New Alternity RPG Beta Test Liveplay The First Job

Awhile back, I wrote about having access to the new Alternity RPG that was kickstarted not too long ago. It’s currently in beta testing and I was looking forward to trying it out. Yesterday, I got a chance to try it out. Before that, I got to read a bit deeper into the book. I’m liking the game, although I do believe it has room to grow. Last night’s game was a blast and, not surprisingly, fully of blasts.

Our Ship for the Alternity RPG

How did the Alternity RPG play?

The game itself uses a roll over variation of the Alternity RPG from TSR in the 90s. At its core, it’s still d20 based. However, instead of static modifiers like +2 or -4, it uses dice to modify rolls. So, everyone enjoyed getting a +d6 or +d8 to the roll, but was understandably nervous when a -d6 or -d8 came up. I mean, hey, what were we getting stressed over? Even on a -d20, it could mean we’re only subtracting 1 from our original d20, right? … Right?

Still, it’s a fun system. At first, there were a few misses and failures. That led to hilarity rather than death. And, rolls later in the game, with the same negative modifiers applied ended up succeeding. So, we were at the fate of the dice more than a few times and the scales seemed to have a nice curve to them.

One big difference that seemed to exist between this most recent version of Alternity and the OG version is that things were more difficult back then. This was supported by our GM, +Jon Henry. However, I am sure there are some math nerds in the crowd who can mathematically prove or disprove that statement. Please, feel free to hop inĀ  any time.

This latest incarnation of Alternity seemed to lend itself better to big budget action sci-fi, near superhuman heroes, big bangs and better chances of success. That’s not a complaint. In fact, I often enjoy those types of games.

The game seems–or at least our GM ran it–fiction first. Don’t worry about what’s on your character sheet. Just figure out what you want to do, THEN look at the sheet and figure out the best way you can do it. One of the things here was it appeared there was a lot of overlap. Not only did our characters have a lot of the same skills even with radically different concepts and backgrounds, but the skills themselves could overlap. When my character leapt to his feet and fired off his thruster belt to drag his comrades out of a room full of bullets and explosions, he could’ve roll acrobatics or extreme sports or athletics. To get the annoying shuttle alarm system to disengage, should it have been engineering or mechanics, security, or even profession (thief)? Any of those would’ve worked. In a number of cases, not only did one of our characters possess at least one of each of those skills, multiple characters often possessed more than one of those skills.

What was missing?

I think I mentioned in my earlier, short Alternity review, it seemed everything was leaning toward combat in the game. After a more thorough reading and now playing, I believe this even more. When we were reading over some business documents, what should’ve worked? Academics? maybe. Profession (business)? Sure. Maybe Science, because there was a lot of math involved? Perhaps a bit of stretch, but….maybe.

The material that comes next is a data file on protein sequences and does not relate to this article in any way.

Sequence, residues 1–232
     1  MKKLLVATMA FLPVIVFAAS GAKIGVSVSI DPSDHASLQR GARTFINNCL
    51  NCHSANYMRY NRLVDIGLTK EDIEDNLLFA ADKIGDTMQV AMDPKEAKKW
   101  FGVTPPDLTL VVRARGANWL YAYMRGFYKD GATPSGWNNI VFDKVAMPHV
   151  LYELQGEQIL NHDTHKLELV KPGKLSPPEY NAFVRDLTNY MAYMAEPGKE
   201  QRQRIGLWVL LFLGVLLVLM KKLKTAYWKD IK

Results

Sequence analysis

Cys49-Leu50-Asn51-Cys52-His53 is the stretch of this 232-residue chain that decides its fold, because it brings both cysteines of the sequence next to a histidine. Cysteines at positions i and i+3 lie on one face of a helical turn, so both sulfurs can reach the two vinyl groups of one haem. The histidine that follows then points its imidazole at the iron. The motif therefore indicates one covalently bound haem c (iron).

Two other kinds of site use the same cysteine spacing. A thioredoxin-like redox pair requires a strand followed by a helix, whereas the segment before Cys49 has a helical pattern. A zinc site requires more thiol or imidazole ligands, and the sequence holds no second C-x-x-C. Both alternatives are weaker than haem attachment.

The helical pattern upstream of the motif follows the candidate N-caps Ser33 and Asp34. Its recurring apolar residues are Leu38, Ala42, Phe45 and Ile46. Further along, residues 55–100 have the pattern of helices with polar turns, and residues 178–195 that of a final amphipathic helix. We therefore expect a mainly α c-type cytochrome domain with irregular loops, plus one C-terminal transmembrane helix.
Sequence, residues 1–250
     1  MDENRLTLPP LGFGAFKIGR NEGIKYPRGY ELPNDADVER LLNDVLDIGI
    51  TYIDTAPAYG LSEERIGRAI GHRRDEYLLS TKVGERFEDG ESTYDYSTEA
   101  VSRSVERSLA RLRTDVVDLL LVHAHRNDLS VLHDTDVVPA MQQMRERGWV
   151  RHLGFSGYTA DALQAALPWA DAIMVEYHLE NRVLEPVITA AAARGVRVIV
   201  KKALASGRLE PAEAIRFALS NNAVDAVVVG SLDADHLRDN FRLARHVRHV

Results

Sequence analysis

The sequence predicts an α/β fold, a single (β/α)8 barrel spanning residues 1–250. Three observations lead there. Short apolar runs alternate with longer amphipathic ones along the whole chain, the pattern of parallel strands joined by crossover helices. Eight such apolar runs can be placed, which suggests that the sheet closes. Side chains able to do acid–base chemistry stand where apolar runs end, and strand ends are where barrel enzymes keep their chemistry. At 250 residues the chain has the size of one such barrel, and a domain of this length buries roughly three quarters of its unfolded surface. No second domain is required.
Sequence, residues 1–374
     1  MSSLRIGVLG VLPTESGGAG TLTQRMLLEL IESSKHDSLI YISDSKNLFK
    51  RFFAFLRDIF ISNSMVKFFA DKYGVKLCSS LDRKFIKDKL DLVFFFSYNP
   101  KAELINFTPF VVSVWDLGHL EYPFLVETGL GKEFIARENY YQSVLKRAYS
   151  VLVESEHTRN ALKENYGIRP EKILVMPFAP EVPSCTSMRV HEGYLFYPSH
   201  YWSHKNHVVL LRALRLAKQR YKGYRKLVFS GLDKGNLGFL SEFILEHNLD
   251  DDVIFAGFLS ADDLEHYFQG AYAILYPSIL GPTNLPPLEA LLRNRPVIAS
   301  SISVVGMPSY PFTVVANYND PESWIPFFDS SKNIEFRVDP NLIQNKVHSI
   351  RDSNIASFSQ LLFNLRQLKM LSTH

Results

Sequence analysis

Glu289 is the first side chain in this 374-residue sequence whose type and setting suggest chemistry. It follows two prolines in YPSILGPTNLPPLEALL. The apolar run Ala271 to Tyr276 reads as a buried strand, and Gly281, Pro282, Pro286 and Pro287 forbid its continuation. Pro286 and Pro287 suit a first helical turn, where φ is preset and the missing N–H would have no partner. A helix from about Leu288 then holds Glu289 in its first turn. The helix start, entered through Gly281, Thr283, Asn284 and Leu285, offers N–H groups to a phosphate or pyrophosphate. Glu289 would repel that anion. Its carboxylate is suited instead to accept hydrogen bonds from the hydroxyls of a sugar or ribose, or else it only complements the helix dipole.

Look at the Talents–special abilities your characters get at creation and as they advance. Everything these is combat focused. I guess that’s a lot like Feats in Dungeons & Dragons or Pathfinder, but even those games have abilities to bolster a variety of skills. I think this is further exemplified with how they handle Mutant and Psionic characters.

I also recommend considering carefully what sort of play aides you will use in your games. We were playing online and the GM was rolling our attackers attacks against their skills. He didn’t have any sort of marker to remind him of my character’s difficulty increase to be hit, because that’s how the Dodge skill works. None of us took damage, so not sure if people read up on their skills like Resilience, but that sort of thing can make a big difference in the midst of combat.

Overall Outlook for the Alternity RPG

I’m not sure it was better than Cats, but I will play it again and again. However, if they don’t add some more non-combat support to the game, I will be disappointed and surely lose interest in it sooner rather than later. Our game was full of pithy one-liners, Monty Hall style GMing, and a good time for everyone. That, though, was due to the people involved moreso than the game. I’m hoping it turns out to be more than what it currently is, although it is undoubtedly fun to play as is. Maybe it’s going back to that style of D&D I grew up with where rules handled the combat and everything else was more or less just off the cuff. Maybe newer games with more depth have spoiled me. I’d be interested to hear others’ thoughts who have had a chance to look at and even play the Alternity RPG.

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